Keep These Holiday Foods Away From Your Pets

We all know that chocolate is a no-go, but onions and macadamia nuts can also be harmful.

This dog is waiting for dinner. Photo by Ruthie Hansen/Flickr

This dog is waiting for dinner. Photo by Ruthie Hansen/Flickr

The family pet is just that—a part of the family. So it makes sense that many people will have their pets by their sides for the upcoming holiday meals. But with that comes more responsibility for pet owners to make sure that the table food their pets are getting (or begging for) is safe to eat.

Dr. Kiko Bracker, a veterinarian at Angell Animal Medical Center’s Emergency and Critical Care Unit is urging pet owners to avoid trips to the animal ER this holiday season by following some simple, but important food rules. Bracker says that he is “especially concerned” with the following ingredients:

Chocolate: “Even just a quarter ounce ingested can spike heart rate and anxiety in a 10-pound dog,” Bracker says.

Yeast dough: “Raw yeast dough can rise in the stomach and cause severe discomfort,” Bracker says. “Many yeast ingestions require surgical intervention, and even small amounts can be dangerous.”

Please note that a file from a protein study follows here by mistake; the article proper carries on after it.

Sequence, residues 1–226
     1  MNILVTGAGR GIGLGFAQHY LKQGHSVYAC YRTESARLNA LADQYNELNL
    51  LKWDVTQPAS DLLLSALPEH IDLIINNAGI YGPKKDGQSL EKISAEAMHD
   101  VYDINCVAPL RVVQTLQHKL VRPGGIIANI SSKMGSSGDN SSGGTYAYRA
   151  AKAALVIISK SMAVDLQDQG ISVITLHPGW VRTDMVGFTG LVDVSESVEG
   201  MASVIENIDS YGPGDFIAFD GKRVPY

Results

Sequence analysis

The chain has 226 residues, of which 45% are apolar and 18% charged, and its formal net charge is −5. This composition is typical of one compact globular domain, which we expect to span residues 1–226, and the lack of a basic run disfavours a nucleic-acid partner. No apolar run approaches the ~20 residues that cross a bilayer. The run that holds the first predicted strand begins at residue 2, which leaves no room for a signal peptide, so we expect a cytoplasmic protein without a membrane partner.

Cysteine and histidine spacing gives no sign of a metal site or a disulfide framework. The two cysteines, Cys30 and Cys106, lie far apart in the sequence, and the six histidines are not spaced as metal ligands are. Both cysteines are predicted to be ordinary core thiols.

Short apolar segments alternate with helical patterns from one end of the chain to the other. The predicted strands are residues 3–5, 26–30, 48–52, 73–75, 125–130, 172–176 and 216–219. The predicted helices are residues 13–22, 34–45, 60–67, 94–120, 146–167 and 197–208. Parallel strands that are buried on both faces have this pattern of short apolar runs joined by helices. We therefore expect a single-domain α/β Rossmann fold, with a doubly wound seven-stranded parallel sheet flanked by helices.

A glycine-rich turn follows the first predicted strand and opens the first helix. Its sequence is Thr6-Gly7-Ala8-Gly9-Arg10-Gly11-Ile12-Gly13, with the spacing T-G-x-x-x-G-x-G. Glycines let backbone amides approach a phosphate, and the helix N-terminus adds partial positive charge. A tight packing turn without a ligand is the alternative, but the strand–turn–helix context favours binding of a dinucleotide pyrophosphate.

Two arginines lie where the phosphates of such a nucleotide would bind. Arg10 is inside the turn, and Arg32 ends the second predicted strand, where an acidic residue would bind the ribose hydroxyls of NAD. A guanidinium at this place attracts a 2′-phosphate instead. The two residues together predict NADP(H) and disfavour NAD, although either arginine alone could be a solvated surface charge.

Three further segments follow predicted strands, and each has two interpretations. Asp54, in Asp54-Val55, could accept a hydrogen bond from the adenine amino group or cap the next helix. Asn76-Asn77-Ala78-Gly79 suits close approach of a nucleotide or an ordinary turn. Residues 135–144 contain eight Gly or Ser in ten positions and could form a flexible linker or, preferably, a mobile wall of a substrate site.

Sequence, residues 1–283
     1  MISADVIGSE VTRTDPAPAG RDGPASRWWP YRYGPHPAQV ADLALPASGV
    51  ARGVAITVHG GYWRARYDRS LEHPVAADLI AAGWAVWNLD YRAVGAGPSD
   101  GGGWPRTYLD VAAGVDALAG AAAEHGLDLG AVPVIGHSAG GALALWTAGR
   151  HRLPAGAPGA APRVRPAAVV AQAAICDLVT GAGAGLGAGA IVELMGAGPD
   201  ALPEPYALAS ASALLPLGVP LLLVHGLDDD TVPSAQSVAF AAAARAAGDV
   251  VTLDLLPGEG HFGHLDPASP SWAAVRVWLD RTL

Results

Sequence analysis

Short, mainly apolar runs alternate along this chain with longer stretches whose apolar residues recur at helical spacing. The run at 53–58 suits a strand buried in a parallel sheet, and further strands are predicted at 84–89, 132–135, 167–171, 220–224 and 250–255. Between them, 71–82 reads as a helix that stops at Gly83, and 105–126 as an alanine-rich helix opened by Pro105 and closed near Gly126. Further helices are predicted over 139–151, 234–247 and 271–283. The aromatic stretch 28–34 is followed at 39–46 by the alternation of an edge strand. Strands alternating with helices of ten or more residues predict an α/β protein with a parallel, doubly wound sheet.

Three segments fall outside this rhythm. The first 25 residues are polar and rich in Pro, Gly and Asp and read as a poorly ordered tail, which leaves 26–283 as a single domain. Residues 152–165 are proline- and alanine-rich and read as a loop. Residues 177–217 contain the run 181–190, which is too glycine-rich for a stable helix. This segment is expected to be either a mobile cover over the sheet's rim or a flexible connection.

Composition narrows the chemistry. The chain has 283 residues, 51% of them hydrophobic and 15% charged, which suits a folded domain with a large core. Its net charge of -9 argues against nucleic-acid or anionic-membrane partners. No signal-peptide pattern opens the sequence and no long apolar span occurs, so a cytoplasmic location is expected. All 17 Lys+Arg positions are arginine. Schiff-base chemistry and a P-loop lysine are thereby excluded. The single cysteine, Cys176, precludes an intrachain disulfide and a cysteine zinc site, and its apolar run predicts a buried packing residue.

Garlic, onions, and chives: “Large amounts of these products can significantly damage red blood cells, causing anemia and possible kidney failure,” Bracker warns.

Fatty or spicy table food: “Bones can splinter and cause damage or blockage in the gastrointestinal tract,” Bracker says, adding that spicy or fatty foods can lead to inflammation of the pancreas. “Moldy or spoiled foods can also lead to food poisoning, tremors, or seizures.”

Grapes and raisins: “Ingestion of these foods has been associated with kidney failure in dogs,” Bracker adds.

Macadamia nuts: “In dogs, ingestion [of these nuts] can produce vomiting, weakness, depression, lack of coordination, and tremors,” Bracker says.

“The only sure-fire way to avoid a trip to the animal ER during the holiday season is to keep our pets well away from these substances,” Bracker says. “Our hope is that people and their pets have an enjoyable and safe [season].”